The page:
Magic Thinks It Matches Up With Cavaliers

"They'll probably say we don't have a chance [against Cleveland]," said Magic forward Rashard Lewis, shooting around Boston's Paul Pierce. (By Elsa -- Getty Images)
  Enlarge Photo    
By Michael Lee
Washington Post Staff Writer
Wednesday, May 20, 2009

After the Orlando Magic finally answered its rallying cry -- "You have to beat the champs to be the champs" -- with a 101-82 victory over the Boston Celtics in Game 7 of the Eastern Conference semifinals on Sunday, Dwight Howard stood in front of a television in the visitors' locker room at TD Banknorth Garden, watching TNT's "Inside the NBA."

Howard and his teammates were eager to hear an instant critique of the performance that put Orlando in the conference finals for the first time since 1996. Rashard Lewis sat back in a corner, straining to catch a glimpse but unable to see past a 6-foot-11 obstruction.

"Dwight, they saying we going to lose to Cleveland?" Lewis asked.

"Nah," Howard said. "They're talking about the Lakers."

Disappointed that their win wasn't yet the topic of discussion, the Magic players went back to getting dressed. But Lewis's question showed how much they expect to be counted out against the Cavaliers, who won a league-best 66 games and have the NBA's most valuable player in LeBron James and coach of the year in Mike Brown. Cleveland also has been flawless this postseason, going 8-0 against Detroit and Atlanta, winning all eight contests by at least 10 points.

"By going to the Eastern Conference finals, I'm sure people are going to say Cleveland is going to get it. They'll probably say we don't have a chance," Lewis said, heading into Game 1 on tonight at Quicken Loans Arena. "But we still got to go out there and play the game."

Unlike the Pistons and Hawks -- teams that played as if they either didn't want to be there or were just happy to be there -- the Magic isn't intimidated by Cleveland. Orlando players believe they can compete with and possibly defeat the Cavaliers in a seven-game series. It is one of two teams to have a winning record against Cleveland this season -- the Los Angeles Lakers are the other. The Magic claimed two of three in the regular season, including a 116-87 whipping in its last meeting with Cleveland on April 3, when Orlando led by 41 points.

"We feel very good about our matchup," said Anthony Johnson, the Magic's veteran point guard. "They are a tough team to beat, but we feel we can go in, get one win, maybe two" in Cleveland.

The Cavaliers haven't played in more than a week and haven't lost a game with James in uniform since losing back-to-back games to Washington and Orlando last month. "From what I've seen, Cleveland is playing at a higher level than anyone in the playoffs," Magic Coach Stan Van Gundy said, "so we're going to have to take it up another notch. Right now, you know, you can have a championship in the back of your mind as a goal. Every team, every player, every organization should. But right now, it's about trying to get one win against Cleveland."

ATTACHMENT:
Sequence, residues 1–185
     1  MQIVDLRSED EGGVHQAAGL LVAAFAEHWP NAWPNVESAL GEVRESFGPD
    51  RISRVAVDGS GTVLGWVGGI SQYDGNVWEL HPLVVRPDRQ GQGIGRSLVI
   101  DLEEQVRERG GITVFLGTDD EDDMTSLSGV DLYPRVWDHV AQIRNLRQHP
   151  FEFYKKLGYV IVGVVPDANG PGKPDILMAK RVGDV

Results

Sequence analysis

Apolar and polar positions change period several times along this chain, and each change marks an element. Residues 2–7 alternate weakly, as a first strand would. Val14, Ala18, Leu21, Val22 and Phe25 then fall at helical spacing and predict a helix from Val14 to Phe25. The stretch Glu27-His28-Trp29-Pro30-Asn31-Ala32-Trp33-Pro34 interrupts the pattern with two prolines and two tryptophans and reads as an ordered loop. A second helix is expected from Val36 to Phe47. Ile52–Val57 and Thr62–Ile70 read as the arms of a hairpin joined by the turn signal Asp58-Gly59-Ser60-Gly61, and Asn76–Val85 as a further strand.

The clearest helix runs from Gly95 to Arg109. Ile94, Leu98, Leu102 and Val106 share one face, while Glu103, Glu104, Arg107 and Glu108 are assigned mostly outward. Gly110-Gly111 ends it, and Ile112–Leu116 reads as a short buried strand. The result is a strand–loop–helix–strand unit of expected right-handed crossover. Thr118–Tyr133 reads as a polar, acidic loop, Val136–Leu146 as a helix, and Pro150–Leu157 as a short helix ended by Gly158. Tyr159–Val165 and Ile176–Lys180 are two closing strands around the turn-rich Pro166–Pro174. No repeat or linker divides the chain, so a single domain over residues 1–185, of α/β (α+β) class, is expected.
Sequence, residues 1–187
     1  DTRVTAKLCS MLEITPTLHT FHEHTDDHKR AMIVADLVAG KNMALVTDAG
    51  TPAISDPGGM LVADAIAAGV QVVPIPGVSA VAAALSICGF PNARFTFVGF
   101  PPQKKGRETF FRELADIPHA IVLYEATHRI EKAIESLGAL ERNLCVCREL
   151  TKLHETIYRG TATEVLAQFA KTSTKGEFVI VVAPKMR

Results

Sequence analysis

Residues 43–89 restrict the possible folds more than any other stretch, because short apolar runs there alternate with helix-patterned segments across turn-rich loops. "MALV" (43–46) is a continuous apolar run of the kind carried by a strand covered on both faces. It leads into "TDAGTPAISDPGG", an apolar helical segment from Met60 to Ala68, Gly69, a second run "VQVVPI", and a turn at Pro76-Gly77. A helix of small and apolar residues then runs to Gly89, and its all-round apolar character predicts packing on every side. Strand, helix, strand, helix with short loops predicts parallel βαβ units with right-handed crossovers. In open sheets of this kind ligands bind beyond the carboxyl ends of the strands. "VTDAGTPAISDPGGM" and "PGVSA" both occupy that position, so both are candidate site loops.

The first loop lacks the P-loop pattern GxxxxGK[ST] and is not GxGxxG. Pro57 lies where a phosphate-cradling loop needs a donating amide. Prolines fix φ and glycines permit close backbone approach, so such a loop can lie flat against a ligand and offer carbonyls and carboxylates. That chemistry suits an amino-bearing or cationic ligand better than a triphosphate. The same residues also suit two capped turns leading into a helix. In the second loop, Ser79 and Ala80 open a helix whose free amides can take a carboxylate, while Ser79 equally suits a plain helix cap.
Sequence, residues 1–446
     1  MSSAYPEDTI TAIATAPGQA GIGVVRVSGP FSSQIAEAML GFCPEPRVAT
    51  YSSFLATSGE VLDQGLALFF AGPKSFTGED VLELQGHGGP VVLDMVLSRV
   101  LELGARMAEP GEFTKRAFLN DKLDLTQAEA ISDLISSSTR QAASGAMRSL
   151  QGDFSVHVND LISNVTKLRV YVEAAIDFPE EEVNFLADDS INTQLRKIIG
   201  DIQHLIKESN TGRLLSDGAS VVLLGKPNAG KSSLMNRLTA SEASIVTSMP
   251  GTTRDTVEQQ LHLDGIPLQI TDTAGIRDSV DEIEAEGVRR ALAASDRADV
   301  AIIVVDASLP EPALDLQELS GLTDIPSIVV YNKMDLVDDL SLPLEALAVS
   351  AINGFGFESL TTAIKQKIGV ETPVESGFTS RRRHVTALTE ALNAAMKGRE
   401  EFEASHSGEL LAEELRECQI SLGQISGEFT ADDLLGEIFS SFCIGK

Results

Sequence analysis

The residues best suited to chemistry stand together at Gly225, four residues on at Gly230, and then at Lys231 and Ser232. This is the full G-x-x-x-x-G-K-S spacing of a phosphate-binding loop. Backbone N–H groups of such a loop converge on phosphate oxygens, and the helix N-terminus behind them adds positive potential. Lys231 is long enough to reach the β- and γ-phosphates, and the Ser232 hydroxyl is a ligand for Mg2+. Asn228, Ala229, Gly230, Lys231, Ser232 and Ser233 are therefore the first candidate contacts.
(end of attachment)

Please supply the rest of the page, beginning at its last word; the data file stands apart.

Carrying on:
The Magic has no one to contend with James, but it presents matchup problems for the Cavaliers with Howard and the 6-10, three-point shooting forward tandem of Lewis and Hedo Turkoglu, who combined for 44 points in the series clincher against Boston.

Orlando also is feeling confident after coming back from a 3-2 deficit to win the last two games and dethrone the defending champion Celtics. "You've got to give them a shooters' chance. You really do," Celtics Coach Doc Rivers said about Orlando's chances against Cleveland. "I wouldn't be shocked at all to see them win this next series."

The Magic players appeared to be in a constant internal battle during their series against the Celtics, forming a maddening bunch with considerable talent but a frustrating inability to stay focused for an entire game. Orlando appeared to finally get over that hurdle after a Game 5 loss in which the Magic blew a 14-point fourth-quarter lead. An hour later, Howard sat in front of a microphone, called out Van Gundy and demanded more touches. But instead of putting the weight of the season on his shoulders, he essentially sent a message to his teammates that they had to do more. Howard said the response of the team afterward was a sign of how much Orlando has matured this postseason.

"It's a journey and a learning experience for all of us," Howard said. "I believe we can win a championship and we aren't going to stop going after one until we get it. We have the right team. We have the talent. We have the right coaches and it's on us to go out there every night and play hard. It starts with me."

For Cleveland, it all starts with James. But Lewis said he expects Howard to provide the same obstacle to James's path to the rim as he did keeping Lewis from seeing the television after Game 7. "Cleveland is a great team. They deserve a lot of the attention that they get," Lewis said. "We've been flying under the radar. But you know, winning ballgames takes care of all that."

In the locker room, Lewis tried to look up at the television again.

"They still talking about the Lakers, Dwight?"

Howard answered with silence. The two players didn't even stick around to hear Charles Barkley pick Orlando to beat the Cavaliers.

© 2009 The Washington Post Company